Far removed from Godard's onslaught of references, Rivette uses allusions as a means of creating a space where these young individuals can find some comfort amongst kindred spirits. Instead, akin to Bergman's exploration of an inexplainable terror due to the threat of nuclear annihilation, they are also consumed by a fear so debilitating that neither these spaces nor the liberated streets of Paris can free them.
It is more a love poem to Paris than a coherent story and for the most part, a confusing bore. But I loved its cold unemotional characters (very characteristic of the French New Wave), the beautiful camera pans and spatial composition, the boldness in making a political film this vague, and the tap tapping of Anne's heels on the pavement as she runs to Gerard's apartment under the most extraordinary circumstances.
Rivette's city-rambling open-ended film (not unlike the porous metropolis it appropriates) adds on semantic overtones enabled by our current plight as it hints at a poisoned gift passed on to closest people. An arcane piece of knowledge, elusive & contagious, fraught legacy of trust & friendship that forges sect-like ties to a mysterious common ailment, the frailty herein oddly recalls Jarman's last years @Dungeness.
há uma obstinação de rivette em fazer com que os objetos expandam o campo cênico, porque para ele não bastam as teorias conspiratórias ou a atuação dos atores, mas os próprios objetos têm de saírem do campo cartesiano e se imporem como atrativos dignos de nota.
Certainly an autuerist production, through and through. Its ambiguity works in its favor for the most part, creating an atmosphere which is both disturbing and compelling. Not the most immediate film experience and it will certainly be too diffuse for some people, while others just might love it.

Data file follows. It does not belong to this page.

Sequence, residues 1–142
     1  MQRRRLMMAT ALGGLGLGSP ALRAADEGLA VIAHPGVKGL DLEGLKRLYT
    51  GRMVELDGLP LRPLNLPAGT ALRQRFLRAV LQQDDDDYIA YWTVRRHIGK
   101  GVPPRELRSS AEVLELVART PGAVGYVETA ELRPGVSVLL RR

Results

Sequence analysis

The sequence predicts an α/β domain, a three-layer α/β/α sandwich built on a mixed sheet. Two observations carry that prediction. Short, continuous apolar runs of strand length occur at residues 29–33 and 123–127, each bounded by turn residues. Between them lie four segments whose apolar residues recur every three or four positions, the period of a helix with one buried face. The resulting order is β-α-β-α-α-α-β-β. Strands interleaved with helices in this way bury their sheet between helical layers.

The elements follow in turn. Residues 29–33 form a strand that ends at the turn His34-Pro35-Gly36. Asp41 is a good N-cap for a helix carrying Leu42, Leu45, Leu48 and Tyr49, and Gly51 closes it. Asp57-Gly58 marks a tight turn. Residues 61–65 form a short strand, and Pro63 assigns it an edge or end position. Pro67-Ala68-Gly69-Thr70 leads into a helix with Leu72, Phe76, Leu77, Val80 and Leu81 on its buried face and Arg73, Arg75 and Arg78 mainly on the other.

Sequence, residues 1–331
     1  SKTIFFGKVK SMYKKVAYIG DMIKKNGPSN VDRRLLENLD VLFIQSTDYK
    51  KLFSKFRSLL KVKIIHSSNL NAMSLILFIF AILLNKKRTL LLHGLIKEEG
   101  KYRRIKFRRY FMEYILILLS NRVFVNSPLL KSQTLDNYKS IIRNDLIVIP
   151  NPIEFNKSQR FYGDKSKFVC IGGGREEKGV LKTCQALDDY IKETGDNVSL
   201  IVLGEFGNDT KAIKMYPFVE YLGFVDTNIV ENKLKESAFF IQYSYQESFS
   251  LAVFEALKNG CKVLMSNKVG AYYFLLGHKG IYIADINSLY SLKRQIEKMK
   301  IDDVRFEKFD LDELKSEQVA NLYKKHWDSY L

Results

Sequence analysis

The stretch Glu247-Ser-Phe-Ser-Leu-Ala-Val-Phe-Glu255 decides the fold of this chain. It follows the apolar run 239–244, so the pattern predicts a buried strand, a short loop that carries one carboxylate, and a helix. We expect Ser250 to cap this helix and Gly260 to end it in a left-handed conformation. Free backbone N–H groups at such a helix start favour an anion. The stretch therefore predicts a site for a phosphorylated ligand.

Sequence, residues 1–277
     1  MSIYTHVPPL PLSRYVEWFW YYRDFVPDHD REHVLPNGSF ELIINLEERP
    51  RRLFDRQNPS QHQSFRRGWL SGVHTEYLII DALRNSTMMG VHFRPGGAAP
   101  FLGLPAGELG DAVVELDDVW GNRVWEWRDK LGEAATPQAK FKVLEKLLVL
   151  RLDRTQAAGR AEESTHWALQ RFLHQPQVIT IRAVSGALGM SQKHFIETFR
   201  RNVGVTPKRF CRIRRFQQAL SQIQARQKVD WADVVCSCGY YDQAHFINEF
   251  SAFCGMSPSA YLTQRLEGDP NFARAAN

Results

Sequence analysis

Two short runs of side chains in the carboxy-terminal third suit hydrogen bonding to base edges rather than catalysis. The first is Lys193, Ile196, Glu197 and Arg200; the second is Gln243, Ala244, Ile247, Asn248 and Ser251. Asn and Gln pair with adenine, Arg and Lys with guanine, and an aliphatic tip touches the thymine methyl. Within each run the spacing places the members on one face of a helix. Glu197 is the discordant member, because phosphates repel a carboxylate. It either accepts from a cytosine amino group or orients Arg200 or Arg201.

Of the many later Rivettes anticipated by this early land-grab, Paris Belongs to Us, albeit conventional by comparison, felt to me (and it's just a feeling, unfocused by any analysis) most like Le Pont du Nord. Multivalent mazes that double as their own maps, both films are strangely gripping, spellbinding even, while also evincing elements of deep play; as, I suppose, any serious mystery must. A many-marveled debut.
Paris belongs to us. Paris belongs to no one. Should seem obvious at this point that you don't get to discuss youth and radicality in the 60s without discussing serious attempts to establish new groups and new psychosocial formations in relation to groups. Rivette was really the only great filmmaker of the groupuscule until Godard came along w/ La Chinoise. No other new wave director began nearly as socially radical.